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Dear all,

I am interested in another specific position at my company. It is very likely that I won't get it, but at the very least I want to try. My dilemma is when and how to tell my boss that I'm interested in another position. 

Here are the details:

1) Working in a very large corporation.

2) Been at my role for 2.5 years. Secretly interested in changing a job function. Haven't really talked to my boss about it.

3) I have eyed a certain job function that exists in my company and which I would like to take. It's a totally different department/location which we have no meaningful ties with. 

4) I found out the name of the manager whose team I would potentially want to join. I am not at all sure if they have any available opening, but I won't know unless I inquire.

5) I want to contact that other manager and ask him whether a  position is available (I believe I have the skills). The odds of having a position are low. Here's my dilemma - if I first involve my boss with this interest of mine and no position is available then I've just lost points with my boss for nothing. If I contact that other boss directly, without involving my manager, I have no guarantee they won't contact my manager themselves (who knows) and if I'm ever called for an interview then I must anyway involve my manager.

At which point during this inquiry process would you recommend me to involve my manager? Is it OK to inquire about the existence of an opening without involving my manager?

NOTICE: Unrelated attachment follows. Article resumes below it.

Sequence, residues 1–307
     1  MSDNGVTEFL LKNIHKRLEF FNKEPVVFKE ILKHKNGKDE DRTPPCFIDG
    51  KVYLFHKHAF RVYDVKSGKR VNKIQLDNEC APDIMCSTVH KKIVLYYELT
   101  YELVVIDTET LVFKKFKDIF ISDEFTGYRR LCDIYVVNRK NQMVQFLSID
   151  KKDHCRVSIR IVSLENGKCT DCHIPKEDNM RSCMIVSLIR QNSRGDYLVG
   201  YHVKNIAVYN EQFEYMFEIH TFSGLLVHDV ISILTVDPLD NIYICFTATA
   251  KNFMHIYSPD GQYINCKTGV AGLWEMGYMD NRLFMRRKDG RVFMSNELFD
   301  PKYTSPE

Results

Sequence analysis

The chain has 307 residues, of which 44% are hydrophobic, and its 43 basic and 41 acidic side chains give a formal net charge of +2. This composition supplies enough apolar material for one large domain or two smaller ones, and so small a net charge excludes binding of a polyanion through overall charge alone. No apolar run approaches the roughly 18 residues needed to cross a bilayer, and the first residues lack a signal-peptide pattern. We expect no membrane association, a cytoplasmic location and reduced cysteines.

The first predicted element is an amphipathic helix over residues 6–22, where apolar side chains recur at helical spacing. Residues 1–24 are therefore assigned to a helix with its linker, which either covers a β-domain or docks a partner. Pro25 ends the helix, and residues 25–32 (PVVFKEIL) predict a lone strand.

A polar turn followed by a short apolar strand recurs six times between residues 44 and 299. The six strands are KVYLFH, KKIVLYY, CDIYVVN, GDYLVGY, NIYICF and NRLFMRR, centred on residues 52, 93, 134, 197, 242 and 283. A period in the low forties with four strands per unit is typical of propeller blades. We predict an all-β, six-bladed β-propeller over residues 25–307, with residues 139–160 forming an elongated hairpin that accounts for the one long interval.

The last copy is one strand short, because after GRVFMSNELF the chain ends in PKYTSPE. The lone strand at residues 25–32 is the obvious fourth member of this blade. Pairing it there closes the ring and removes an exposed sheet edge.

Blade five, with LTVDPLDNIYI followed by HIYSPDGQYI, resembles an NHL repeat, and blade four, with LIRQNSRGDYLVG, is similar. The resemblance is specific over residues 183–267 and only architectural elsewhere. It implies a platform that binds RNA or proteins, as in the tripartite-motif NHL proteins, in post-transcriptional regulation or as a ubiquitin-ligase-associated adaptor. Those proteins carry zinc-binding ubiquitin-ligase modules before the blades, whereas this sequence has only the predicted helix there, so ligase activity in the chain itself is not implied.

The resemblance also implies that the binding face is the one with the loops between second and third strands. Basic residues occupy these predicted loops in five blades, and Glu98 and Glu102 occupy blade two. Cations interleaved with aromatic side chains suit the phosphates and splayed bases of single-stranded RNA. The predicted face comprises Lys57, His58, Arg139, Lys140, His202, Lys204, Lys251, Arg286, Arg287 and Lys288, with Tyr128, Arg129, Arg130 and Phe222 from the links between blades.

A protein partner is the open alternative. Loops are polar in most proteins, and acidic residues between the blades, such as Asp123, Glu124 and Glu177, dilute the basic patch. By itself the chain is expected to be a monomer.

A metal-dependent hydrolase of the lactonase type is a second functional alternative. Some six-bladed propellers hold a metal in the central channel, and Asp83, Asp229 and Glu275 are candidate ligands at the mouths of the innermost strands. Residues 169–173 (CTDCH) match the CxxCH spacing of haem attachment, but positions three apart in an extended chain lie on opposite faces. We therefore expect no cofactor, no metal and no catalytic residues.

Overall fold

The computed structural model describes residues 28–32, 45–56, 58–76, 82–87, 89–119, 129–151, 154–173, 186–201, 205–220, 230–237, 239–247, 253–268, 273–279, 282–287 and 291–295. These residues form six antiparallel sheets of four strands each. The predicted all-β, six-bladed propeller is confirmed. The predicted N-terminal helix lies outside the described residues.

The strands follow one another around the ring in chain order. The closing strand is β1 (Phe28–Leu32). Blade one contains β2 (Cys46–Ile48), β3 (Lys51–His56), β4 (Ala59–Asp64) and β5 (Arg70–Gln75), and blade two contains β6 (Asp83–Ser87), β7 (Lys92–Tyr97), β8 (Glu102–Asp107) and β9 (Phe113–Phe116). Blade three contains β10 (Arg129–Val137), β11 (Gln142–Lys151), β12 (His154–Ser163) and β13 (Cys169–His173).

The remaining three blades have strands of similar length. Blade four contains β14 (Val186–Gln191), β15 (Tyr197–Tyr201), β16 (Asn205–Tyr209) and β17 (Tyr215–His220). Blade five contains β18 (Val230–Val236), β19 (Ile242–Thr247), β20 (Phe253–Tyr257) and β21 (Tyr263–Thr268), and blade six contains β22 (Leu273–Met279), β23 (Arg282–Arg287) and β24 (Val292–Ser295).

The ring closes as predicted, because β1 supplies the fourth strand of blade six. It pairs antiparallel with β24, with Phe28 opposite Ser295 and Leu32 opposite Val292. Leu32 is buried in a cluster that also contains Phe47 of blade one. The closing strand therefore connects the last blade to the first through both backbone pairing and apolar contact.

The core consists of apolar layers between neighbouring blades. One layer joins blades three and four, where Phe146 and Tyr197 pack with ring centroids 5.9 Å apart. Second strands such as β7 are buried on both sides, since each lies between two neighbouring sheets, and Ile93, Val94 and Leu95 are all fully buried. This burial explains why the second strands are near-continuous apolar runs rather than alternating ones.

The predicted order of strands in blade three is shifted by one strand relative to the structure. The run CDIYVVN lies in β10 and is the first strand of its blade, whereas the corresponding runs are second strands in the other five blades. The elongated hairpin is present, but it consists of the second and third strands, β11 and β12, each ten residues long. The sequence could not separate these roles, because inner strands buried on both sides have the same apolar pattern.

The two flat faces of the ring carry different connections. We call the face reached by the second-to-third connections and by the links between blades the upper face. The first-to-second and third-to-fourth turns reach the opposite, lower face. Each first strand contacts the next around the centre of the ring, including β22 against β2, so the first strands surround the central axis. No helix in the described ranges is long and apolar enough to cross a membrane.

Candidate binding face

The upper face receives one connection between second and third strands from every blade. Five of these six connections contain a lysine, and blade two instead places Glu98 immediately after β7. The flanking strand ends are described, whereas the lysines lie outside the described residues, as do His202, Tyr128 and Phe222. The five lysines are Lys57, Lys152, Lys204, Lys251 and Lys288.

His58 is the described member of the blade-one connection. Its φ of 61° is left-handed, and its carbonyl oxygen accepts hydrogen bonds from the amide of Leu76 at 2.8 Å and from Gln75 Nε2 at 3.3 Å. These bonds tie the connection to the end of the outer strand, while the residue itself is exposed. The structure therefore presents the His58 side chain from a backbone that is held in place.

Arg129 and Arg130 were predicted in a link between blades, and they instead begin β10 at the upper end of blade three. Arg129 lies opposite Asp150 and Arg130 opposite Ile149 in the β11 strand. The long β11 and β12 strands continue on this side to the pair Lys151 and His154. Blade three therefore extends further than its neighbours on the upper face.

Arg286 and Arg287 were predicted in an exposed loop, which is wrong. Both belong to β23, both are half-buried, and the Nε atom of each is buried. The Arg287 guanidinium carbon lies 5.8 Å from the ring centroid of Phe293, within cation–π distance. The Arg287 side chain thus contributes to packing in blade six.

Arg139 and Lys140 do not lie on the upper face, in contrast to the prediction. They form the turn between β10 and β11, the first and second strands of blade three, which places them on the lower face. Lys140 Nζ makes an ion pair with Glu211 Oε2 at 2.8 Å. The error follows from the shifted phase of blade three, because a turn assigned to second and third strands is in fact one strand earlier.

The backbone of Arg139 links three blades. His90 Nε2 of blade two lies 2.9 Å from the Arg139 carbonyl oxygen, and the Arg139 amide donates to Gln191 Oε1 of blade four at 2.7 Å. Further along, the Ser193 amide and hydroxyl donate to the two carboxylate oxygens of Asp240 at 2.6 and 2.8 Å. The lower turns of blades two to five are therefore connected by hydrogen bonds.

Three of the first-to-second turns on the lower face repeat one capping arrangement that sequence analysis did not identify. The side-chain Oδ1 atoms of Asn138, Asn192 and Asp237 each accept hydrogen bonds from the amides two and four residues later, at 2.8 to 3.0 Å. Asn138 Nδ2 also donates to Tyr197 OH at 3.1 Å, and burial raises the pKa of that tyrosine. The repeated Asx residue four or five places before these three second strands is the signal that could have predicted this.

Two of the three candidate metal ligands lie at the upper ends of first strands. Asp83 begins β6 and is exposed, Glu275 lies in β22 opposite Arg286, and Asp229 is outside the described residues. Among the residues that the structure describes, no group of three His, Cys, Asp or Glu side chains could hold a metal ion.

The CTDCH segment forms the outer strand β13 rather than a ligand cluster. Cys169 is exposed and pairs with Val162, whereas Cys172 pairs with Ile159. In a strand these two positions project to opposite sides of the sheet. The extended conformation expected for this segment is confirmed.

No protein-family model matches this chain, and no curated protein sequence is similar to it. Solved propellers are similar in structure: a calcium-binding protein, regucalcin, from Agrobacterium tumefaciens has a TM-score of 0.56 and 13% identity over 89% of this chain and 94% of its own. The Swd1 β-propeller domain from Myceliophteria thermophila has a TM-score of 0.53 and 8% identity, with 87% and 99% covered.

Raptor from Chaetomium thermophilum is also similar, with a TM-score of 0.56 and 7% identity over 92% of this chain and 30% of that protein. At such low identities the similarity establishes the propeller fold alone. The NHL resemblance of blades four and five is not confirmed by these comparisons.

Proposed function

Thanks!!

 

April 10th update: thank you folks. For some reason I can't find the way to respond to my own thread.. ("you can't post comments"). At any rate, I really appreciate all of your useful comments and will involve my manager prior to the internal search.  take care!!

mattpalmer's picture

 Whilst I can imagine a whole range of possible scenarios in which you wouldn't want to include your manager, you haven't given any indication that any of them apply to you, so I'll ask up front: why do you want to keep your manager out of this?  Is it because they'll think you're disloyal and fire you?  Try and block you from leaving because they hate hiring new people?

Without knowing why you want to keep your boss out of the loop, it's hard to say what to do.  There is, of course, another option -- that there *is* no good reason for not telling your boss, and in that case you should tell them, because they may very well be in a position to *help* you.  The question is how best to tell them?  For which my answer is "honesty".

Explain sincerely why you're looking around.  It's a better fit for where you want to take your career.  Less travel.  More responsibility.  Closer to home.  More flexible working hours.  Your boss is a jerk (ok, maybe don't let that one slip).  It may be that your boss could help you find what you're looking for "closer to home", as it were -- or they may well say, "I completely understand.  Let me have a talk to <other boss> and see what I can do" and you'll get an e-mail that afternoon saying "you start next monday".